They’re all my trees. They’re all your trees.

hoover-park-back-9

“When you go out into the woods and you look at trees, you see all these different trees. And some of them are bent, and some of them are straight, and some of them are evergreens, and some of them are whatever.

And you look at the tree and you allow it. You see why it is the way it is. You sort of understand that it didn’t get enough light, and so it turned that way. And you don’t get all emotional about it. You just allow it. You appreciate the tree.

The minute you get near humans, you lose all that. And you are constantly saying, ‘You’re too this, or I’m too this.’ That judging mind comes in. And so I practice turning people into trees. Which means appreciating them just the way they are.”

They’re all my trees.
They’re all your trees.
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When I realized that a love is not enough.

naked embrace

Life is frighteningly meaningless unless you can find meaning in it.

Sometimes finding someone who will love you is enough.

Sometimes you’ll need something more. Something internal, something that comes from inside you, which you create for everyone. And this creation extends that love from one partner, from one family, to the love from many.

Because not only must we do something of value, but we must be valued by others.  And that value grows in benefiting a partner, a family, and ultimately, in benefiting your community and humanity.

What’s your true love?

Everything special becomes ordinary

Julie and mermaid
Photo by Joakim Hjelm. More spectacular prints sold at: http://joakimhjelmphotography.instaproofs.com/store/

Ever been out on the ocean? It’s overwhelming at first, but after a few days, months, years, it’s just a huge bathtub of water you’re on. Life is like an ocean. You can stay close to shore, in the bay, where it’s calm, where you can see the bottom, and you know exactly what you’re going to get, you know what to expect. Or you can venture out into the deceptively unremarkable, rolling expanse of blue.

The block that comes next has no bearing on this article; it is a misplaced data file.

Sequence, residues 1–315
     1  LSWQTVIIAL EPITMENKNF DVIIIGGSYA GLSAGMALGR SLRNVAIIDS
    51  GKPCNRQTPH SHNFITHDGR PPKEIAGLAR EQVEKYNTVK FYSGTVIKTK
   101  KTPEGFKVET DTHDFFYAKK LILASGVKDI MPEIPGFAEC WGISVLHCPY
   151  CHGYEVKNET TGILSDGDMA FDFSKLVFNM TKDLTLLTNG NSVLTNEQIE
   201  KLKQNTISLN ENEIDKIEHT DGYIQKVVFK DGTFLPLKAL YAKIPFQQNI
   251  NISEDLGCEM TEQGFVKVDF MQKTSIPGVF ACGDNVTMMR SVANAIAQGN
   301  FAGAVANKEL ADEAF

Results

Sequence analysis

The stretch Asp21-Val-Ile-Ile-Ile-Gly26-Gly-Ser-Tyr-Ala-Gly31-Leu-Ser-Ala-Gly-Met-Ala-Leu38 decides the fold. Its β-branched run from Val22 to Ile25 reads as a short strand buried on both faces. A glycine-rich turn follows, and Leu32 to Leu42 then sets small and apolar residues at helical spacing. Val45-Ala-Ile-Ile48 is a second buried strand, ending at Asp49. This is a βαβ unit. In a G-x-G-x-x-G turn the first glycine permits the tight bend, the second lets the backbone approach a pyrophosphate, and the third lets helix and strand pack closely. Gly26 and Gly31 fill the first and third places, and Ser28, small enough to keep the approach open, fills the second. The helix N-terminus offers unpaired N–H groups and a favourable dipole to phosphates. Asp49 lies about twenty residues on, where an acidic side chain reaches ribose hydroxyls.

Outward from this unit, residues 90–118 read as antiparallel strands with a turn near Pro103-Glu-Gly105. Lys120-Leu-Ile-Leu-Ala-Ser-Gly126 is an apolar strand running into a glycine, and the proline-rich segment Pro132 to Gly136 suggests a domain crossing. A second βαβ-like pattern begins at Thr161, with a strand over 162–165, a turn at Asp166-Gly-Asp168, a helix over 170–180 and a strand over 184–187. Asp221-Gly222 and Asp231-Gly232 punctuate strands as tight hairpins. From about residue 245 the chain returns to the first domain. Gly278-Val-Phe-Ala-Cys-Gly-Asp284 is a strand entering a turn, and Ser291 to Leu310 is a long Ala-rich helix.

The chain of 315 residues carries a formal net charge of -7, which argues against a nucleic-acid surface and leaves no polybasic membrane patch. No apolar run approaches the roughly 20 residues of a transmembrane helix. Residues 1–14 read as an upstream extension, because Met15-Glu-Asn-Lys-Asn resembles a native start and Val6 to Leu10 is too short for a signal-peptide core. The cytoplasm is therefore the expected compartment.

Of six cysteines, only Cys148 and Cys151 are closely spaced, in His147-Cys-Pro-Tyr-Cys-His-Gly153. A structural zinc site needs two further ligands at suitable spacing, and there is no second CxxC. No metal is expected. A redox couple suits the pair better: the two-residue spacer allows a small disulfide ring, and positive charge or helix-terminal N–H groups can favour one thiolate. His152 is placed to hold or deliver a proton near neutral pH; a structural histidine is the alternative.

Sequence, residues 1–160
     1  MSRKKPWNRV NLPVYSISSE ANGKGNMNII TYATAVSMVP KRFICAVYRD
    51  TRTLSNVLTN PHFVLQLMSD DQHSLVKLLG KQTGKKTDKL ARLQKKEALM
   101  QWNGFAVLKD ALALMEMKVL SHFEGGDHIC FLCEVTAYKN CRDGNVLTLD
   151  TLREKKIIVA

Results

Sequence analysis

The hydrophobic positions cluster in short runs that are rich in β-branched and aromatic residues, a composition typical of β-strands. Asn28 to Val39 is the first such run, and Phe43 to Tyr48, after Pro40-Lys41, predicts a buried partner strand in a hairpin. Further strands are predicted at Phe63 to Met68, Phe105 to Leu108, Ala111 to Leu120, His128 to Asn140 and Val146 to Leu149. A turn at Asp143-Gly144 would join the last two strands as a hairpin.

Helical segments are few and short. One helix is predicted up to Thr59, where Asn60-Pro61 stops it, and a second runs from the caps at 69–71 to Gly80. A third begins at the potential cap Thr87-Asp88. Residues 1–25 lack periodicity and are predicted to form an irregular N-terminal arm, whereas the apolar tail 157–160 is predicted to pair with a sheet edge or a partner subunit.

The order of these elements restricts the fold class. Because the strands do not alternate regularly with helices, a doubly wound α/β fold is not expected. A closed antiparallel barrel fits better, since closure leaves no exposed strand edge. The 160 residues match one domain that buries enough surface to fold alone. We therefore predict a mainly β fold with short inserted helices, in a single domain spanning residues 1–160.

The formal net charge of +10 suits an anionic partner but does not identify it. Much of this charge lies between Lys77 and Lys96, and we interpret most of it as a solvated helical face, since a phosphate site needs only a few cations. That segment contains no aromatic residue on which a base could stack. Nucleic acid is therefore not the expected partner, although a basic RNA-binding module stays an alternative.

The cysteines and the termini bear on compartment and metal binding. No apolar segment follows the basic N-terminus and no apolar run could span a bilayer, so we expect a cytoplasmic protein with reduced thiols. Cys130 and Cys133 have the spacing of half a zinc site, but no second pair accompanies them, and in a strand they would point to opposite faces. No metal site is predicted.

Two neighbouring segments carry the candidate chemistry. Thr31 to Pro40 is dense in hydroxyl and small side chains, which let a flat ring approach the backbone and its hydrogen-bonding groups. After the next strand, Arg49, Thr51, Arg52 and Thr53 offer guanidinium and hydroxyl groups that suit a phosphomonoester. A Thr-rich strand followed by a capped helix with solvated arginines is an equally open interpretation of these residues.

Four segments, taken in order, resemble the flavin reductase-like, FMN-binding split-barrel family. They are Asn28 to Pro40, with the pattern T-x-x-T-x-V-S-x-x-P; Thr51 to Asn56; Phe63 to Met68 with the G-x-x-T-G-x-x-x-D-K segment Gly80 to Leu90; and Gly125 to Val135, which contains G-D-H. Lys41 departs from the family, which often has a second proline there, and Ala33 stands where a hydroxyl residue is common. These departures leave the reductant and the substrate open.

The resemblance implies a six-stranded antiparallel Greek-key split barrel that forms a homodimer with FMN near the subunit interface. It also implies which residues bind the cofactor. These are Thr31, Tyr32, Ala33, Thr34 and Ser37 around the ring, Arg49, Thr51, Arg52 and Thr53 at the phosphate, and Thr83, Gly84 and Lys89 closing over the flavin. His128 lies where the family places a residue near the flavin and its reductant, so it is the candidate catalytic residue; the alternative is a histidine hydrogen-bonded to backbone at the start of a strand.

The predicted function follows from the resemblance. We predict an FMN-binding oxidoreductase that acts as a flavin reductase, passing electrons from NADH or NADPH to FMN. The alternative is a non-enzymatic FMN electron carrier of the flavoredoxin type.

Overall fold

The ocean is vast like life, and if you live it conservatively, on the surface, skimming along half in the water, and half out, you miss all the beauty and interaction below.Every moment of your walking around, there’s a veneer of the everyday stuff, the ordinary. But under that surface of ordinary blue, gently repeating waves of life, beyond the traffic of endless cars, streams of people walking by, the stores opening and closing, there’s a special experience, if you just punch through the surface, strip off the coat, go a little deeper, and explore. How to get there? Ask how someone is doing. Genuinely. Then ask them what they’re doing. And really listen to them. It’s simple, but that’s the point.

Everything extraordinary is simple. And everything simple is extraordinary.

Here’s the proof: Everything that is special becomes ordinary.

Your new car, the latest and greatest cell phone, even your partner can become unappreciated…so couldn’t a good argument be made that everything ordinary is special, if you’d just look at it differently? If you’d push back on that daily trek around your little world and get out of your flight path. Instead, extend your boundary beyond the shallows of your ocean, the place you’ve acclimated to, and made your home, where everything is visible, calm, and repetitively risk-free.

Life is going to end, our chartered boat is rented and it’s going to be reclaimed by the earth, whether we like it or not. It would be a shame if we didn’t take her out there into that wide beautiful expanse of blue world, throw an anchor down every so often, and dive into the currents. Exploring, underneath it all, beyond the traffic of endless cars, the streams of people walking by, the stores opening and closing. On the surface, all this is ordinary, until you get past it, and see what supports it all: The people, the relationships, the connections, decisions, hopes, desires, and frustrations of humanity. All the ordinary stuff that’s extraordinary once you’re swimming in it, too.